Wednesday, July 14, 2010

Is Global Poverty Reduction a Political Myth?

Thalif Deen

UNITED NATIONS, Jul 13 (IPS) - When the United Nations hosts a summit meeting of world leaders next September to assess the current state of its Millennium Development Goals (MDGs), it is expected to single out one of the major "success stories" of the day: a reduction in global poverty.

But have there been any real, significant successes in the absolute number of people worldwide who have escaped poverty?

The United Nations is convinced the developing world as a whole remains on track to achieve the poverty reduction target (a 50 percent cut) by 2015. But the numbers may belie that.

At the global level, the number of people living under the international poverty line of less than 1.25 dollars a day declined from 1.9 billion to 1.4 billion: a reduction of about 500 million people.

The argument by most critics is that these figures are distorted because the successes are mostly in a few countries, primarily China, Vietnam and Brazil, and to a lesser extent, India.

China and Vietnam account for the largest reductions in the poverty rate, and India accounts for much of the reduction in South Asia, according to the latest international assessment released by the U.N. Development Programme (UNDP).

And the decline in absolute poverty levels in Latin America and the Caribbean - another so-called "success story" - is largely accounted for by Brazil.

According to the Brazilian Institute of Applied Economic Research, Brazil has exceeded the MDG target to cut extreme poverty by half by 2015: between 1990 and 2008, the number of Brazilians in extreme poverty has been reduced by 81 percent.

If so, is the reduction in "global poverty" a political myth?

Asked for his comments, Rob Vos, director of the Development Policy and Analysis Division at the U.N.'s Department of Economic and Social Affairs (UN-DESA), told IPS: "It is true that most of the poverty reduction comes on account of China - when measured in absolute numbers."

According to the data presented in the U.N.'s World Economic and Social Survey, the total number of poor in the world decreased from 1.9 billion in 1981 to 1.4 billion in 2005, when the last international survey was conducted.

In China alone, he said, the number of poor decreased from 835.1 million in 1981 to 207.7 million in 2005, which meant a sharp decrease of China's poverty rate, from 84.0 to 15.9 percent.

In Vietnam, the decrease in the poverty rate over the same period was staggering: from 90.4 to 17.1 percent, and much progress was made in much of East Asia, said Vos.

"India's contribution to global poverty reduction has been less impressive," he added.

In South Asia as a whole, he pointed out, the absolute number of poor increased from 548 million to 596 million during 1981-2005.

As a share of the population, South Asia's poverty rate did fall - from 59.4 percent in 1981 to 40.3 percent in 2005 - but because of population growth it was not enough to stop the increase in the number of poor, Vos argued.

A reduction of 50 percent "in extreme poverty and hunger" is the first of the MDGs, which also include universal primary education; promotion of gender equality; reduction of child mortality by two-thirds; cutbacks in maternal mortality by three-quarters; combating the spread of HIV/AIDS, malaria and other diseases; ensuring environmental sustainability; and developing a North-South global partnership for development.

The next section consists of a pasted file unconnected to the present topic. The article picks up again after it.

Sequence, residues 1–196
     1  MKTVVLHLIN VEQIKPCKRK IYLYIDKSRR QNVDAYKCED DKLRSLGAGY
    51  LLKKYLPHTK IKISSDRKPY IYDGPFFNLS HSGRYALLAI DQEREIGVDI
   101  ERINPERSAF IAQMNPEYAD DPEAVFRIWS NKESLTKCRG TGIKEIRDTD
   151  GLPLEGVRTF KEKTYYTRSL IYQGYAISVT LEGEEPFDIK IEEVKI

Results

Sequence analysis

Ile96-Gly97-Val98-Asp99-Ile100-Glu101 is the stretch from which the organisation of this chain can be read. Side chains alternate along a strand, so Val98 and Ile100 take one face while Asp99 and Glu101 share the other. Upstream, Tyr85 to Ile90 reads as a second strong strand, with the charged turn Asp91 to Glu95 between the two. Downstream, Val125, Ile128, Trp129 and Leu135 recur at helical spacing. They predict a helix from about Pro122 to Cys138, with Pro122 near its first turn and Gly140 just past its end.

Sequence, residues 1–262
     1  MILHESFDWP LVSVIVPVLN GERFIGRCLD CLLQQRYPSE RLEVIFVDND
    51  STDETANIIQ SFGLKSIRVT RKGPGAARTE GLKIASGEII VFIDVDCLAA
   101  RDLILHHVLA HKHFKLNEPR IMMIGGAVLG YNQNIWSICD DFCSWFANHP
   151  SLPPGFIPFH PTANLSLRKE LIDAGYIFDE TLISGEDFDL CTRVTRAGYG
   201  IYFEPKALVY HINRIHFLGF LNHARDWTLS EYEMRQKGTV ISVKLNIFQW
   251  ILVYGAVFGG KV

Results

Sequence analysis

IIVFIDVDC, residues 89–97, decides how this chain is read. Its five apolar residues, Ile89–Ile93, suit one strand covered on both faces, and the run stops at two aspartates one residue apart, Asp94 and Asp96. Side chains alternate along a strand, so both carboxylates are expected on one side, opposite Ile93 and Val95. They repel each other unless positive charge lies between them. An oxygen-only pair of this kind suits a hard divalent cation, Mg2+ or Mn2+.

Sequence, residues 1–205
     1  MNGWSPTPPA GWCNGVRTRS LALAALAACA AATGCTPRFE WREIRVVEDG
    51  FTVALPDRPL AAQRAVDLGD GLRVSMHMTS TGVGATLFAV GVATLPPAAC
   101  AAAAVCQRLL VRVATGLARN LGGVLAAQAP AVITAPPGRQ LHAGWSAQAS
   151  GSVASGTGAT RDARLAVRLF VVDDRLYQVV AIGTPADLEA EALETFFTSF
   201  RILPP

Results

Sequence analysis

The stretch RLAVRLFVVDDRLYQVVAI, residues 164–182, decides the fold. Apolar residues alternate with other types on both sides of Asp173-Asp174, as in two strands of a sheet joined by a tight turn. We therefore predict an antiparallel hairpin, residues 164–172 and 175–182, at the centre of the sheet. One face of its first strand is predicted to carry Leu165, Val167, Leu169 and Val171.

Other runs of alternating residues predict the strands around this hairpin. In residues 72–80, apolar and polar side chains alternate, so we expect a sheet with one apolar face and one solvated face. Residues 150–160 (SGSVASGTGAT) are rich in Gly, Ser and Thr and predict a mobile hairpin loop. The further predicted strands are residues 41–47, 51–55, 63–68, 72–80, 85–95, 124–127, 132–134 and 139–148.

A summit meeting of 189 world leaders in September 2000 pledged to meet all of these goals by the year 2015.

The upcoming MDG summit, scheduled to take place in New York Sep. 20-22, will be attended by 192 member states, mostly represented by heads of state or heads of government. They are expected to adopt a plan of action to accelerate the progress towards meeting the eight goals by the deadline.

Asked about MDG poverty reduction in the context of China, Dean Baker, co-director of the Washington-based Center for Economic and Policy Research, told IPS: "I don't know that there is any distortion."

Still, he said, China has made enormous economic progress in the last three decades and it has benefited much of its population. The situation elsewhere in Asia, he pointed out, is much more mixed, with some countries, such as Bangladesh, not faring very well.

"Africa has generally performed very poorly and Latin America is a mixed bag," he said.

"Certainly the 00s were better than the 90s. So, I think it is important what has taken place in China in terms of reducing poverty - although they certainly did not follow a neo-liberal model - but much of the rest of the developing world has not done very well," said Baker, author of 'Taking Economics Seriously'.

Roberto Bissio of the Social Watch international network is sceptical about the figures. He said the World Bank is not only systematically underestimating poverty in the world - perhaps to show some degree of success, since it claims to be an institution fighting poverty - but is also hiding it under the shadow of China to conceal the evidence. [see sidebar]

Vos of UN-DESA admitted that the least progress has been made in sub-Saharan Africa.

"In the world's poorest region, the absolute number of the poor increased over the past three decades: the number of people living on less than 1.25 dollars per day increased from 212 million to 388 million people," he noted.

As a share of the total population, the poverty rate remained almost unchanged in the region.

"As with any aggregate number, just looking at global poverty may hide large differences," Vos told IPS.

"There has been enormous success in reducing poverty, but we have seen a lot of it in some parts of the world and very little elsewhere," he declared.


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